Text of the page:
The Federation of Small Businesses (FSB) calls on the government to do more to improve rural broadband
The rural economy will suffer if the government doesn’t do more to bring superfast broadband to more parts of the UK, the Federation of Small Businesses (FSB) has claimed.
New research conducted by the organisation has revealed that twice as many rural SMBs are more likely to be dissatisfied by their broadband service than their urban counterparts and suggests the problem will become worse as connectivity becomes increasingly integral to operations.
The FSB acknowledges that initiatives like the Broadband Delivery UK (BDUK) have gone some way to improving the situation for SMBs, but says just 16 percent have access to superfast broadband and that the target of providing 95 percent of the country with 24Mbps or faster by 2017 isn’t good enough.
This target, it says, leaves five percent of the country struggling with 2Mbps – speeds that are “barely sufficient” for even basic tasks like commercial email. The FSB argues that since one million businesses, 28 percent of all UK firms, are located outside urban areas, the £400 billion expansion of the rural economy is at risk.
“This research paints a worrying picture of a divided business broadband landscape in the UK, and unless addressed highlights a clear obstacle to growth in the coming years,” said Mike Cherry, national policy chairman for the FSB. “We risk seeing the emergence of a two-speed online economy resulting from poor rural broadband infrastructure.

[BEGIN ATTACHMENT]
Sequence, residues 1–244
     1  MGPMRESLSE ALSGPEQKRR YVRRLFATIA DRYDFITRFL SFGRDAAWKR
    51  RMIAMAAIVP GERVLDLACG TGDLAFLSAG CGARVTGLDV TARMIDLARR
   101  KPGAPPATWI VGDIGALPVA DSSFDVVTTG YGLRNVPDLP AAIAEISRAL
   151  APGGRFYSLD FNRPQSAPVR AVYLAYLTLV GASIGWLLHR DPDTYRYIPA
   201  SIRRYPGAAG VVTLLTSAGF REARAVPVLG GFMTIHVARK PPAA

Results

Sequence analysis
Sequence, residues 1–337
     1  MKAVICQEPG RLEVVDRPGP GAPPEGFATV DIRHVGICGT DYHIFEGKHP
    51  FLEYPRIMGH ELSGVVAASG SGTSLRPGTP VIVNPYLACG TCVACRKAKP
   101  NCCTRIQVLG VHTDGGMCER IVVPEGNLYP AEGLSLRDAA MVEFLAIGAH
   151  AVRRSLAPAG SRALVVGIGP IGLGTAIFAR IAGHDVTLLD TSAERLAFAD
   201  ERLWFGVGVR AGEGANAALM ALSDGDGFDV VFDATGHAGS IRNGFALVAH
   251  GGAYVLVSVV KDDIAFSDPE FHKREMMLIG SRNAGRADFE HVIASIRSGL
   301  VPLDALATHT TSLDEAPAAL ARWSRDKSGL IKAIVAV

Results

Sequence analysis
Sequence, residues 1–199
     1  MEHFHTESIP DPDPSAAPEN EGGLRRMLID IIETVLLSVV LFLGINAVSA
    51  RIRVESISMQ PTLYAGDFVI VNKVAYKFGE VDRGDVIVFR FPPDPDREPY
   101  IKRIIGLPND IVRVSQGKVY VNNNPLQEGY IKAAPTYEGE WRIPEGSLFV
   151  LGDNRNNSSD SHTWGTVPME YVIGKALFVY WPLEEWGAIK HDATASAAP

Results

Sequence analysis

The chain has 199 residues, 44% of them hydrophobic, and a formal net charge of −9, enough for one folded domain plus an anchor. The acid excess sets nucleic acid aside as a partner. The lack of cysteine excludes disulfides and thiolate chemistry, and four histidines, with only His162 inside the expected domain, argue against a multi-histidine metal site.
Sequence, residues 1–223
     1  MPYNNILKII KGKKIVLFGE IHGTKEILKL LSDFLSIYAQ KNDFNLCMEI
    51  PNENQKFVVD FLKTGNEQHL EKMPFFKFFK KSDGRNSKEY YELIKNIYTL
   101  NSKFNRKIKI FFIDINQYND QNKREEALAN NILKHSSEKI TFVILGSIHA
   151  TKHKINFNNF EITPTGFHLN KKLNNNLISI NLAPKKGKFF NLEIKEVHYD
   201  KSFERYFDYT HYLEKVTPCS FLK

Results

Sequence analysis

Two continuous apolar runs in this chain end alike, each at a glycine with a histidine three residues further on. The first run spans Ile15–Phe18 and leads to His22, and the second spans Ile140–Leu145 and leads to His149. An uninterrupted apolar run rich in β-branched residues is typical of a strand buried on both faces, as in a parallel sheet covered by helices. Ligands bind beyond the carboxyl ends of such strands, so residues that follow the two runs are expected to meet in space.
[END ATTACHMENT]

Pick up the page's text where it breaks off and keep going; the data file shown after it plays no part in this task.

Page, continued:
“It’s worrying that as many as 14 percent of UK small firms still view the lack of a reliable broadband connection as being the primary barrier to their growth. A reliable connection is now viewed as a key business requirement by 94 percent of small UK businesses, yet continued poor connectivity in rural areas represents a huge missed opportunity for economic growth in many parts of the country.
“These gaps and weaknesses need to be addressed as a matter of priority with the minimum of 10 Mbps to all business premises by 2018/19, and a pledge to deliver minimum speeds of 100Mbps to all by 2030.”
BDUK has so far connected 1.5 million properties to the BT Openreach fibre network, but Ofcom says that no home or business should be left out of the rollout of superfast broadband, no matter how complex or costly such projects might be.
It says most households need speeds of at least 10Mbps and is considering increasing the minimum speed required under universal service agreements. The regulator is looking at ways superfast broadband can be delivered to remote areas not covered by BDUK using alternative technologies like LTE and satellite in a bid to improve coverage.
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